Wilmington Ten (1971)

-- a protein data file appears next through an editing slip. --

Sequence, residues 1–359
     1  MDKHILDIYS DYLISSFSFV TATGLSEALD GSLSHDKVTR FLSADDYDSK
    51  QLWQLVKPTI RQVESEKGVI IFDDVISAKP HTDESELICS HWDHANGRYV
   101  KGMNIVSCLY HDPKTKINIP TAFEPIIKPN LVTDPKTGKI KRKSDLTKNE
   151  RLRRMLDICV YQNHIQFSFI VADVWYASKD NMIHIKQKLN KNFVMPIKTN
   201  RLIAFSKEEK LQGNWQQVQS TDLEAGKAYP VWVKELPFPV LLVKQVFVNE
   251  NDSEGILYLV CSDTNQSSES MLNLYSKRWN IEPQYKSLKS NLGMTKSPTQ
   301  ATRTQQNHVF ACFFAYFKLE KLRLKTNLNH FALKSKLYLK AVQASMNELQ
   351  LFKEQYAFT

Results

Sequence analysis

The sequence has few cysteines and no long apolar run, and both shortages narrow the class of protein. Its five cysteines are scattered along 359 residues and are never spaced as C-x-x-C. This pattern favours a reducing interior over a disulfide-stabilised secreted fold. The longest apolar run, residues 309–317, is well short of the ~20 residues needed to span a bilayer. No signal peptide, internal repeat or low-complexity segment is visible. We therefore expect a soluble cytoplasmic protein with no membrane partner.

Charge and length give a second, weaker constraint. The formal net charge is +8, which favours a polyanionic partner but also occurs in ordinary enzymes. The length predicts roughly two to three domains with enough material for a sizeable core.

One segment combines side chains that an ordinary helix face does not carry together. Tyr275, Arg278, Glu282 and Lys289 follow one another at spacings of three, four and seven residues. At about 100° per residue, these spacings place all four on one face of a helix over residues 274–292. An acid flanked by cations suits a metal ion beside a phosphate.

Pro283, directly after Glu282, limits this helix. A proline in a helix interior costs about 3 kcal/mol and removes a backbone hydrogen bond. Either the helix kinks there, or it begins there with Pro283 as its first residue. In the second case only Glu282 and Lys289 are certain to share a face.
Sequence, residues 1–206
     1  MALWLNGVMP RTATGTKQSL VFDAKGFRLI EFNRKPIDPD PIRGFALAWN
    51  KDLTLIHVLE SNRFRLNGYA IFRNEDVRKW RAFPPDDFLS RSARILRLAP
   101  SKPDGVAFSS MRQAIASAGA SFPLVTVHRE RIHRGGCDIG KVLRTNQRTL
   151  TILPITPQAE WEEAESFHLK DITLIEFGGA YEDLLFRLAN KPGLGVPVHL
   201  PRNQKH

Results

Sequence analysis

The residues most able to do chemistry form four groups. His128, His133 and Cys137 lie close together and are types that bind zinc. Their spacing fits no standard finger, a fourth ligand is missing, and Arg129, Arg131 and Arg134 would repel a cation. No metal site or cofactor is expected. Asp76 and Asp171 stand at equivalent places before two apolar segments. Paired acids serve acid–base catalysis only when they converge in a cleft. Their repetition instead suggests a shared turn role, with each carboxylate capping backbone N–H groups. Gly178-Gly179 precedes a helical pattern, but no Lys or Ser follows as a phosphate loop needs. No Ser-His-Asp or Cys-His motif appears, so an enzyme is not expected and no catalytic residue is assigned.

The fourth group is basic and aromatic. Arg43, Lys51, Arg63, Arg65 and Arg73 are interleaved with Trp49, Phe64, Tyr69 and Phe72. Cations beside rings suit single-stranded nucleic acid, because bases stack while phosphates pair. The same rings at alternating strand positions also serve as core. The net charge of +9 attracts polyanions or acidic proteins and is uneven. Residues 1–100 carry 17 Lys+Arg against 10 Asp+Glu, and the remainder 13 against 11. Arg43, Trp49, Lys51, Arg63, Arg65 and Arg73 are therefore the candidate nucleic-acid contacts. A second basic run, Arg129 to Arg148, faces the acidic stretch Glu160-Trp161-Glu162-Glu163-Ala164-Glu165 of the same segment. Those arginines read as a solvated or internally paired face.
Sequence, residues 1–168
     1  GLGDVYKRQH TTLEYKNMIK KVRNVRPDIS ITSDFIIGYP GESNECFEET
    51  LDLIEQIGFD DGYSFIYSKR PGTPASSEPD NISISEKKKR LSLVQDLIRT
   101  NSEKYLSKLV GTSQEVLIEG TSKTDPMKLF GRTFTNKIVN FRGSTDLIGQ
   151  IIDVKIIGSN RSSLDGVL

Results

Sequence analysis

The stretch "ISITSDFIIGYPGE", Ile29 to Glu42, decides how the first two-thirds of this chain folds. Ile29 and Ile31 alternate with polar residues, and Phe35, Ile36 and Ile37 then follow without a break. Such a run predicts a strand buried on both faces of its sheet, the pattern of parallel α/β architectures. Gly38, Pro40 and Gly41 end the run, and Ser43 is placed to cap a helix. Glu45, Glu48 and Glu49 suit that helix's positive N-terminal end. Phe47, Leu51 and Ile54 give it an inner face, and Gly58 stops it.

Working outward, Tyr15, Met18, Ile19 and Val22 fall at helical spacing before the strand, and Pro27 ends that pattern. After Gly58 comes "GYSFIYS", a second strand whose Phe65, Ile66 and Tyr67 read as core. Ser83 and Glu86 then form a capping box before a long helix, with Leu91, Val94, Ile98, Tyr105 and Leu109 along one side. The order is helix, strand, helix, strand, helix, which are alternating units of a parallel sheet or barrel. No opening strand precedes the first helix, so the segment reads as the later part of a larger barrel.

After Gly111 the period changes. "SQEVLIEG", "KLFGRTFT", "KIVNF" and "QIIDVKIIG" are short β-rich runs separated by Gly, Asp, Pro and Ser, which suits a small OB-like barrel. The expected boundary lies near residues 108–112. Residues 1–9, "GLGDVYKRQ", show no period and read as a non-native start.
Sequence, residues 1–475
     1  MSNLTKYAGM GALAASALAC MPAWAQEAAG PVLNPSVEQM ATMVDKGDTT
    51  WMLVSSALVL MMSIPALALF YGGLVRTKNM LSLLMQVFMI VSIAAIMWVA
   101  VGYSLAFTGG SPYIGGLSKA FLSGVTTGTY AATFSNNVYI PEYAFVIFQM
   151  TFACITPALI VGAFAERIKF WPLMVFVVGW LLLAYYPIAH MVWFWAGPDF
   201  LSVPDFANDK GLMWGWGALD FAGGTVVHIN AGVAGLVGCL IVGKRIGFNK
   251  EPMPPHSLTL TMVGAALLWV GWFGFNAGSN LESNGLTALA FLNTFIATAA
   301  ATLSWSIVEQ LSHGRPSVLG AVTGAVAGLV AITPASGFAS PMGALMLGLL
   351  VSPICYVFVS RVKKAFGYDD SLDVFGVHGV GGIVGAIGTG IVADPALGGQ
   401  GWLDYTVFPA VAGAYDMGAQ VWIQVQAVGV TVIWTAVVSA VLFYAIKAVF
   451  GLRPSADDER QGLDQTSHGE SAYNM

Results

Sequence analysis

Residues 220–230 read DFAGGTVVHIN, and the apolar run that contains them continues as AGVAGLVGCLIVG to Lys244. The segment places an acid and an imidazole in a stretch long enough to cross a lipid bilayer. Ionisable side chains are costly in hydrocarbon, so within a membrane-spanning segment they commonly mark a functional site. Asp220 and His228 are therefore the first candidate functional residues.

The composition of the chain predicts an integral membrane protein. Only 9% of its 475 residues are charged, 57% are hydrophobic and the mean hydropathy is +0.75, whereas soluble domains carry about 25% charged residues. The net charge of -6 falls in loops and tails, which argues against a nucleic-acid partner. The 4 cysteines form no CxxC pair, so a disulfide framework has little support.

The Wilmington Ten were a group of nine Black men and one white woman who were wrongfully convicted in 1971 for the arson of a white-owned grocery store during a period of racial tension and civil unrest in Wilmington, North Carolina. The convictions were widely criticized as being politically motivated and racially biased and were overturned in 1980 after a lengthy campaign by civil rights activists and organizations. The case attracted national attention and became a cause célèbre for advocates of racial justice and the anti-war movement. The Wilmington Ten's exoneration was a significant moment in the history of civil rights and social justice in the United States, and it highlighted the ongoing struggle for racial equality and due process under the law.


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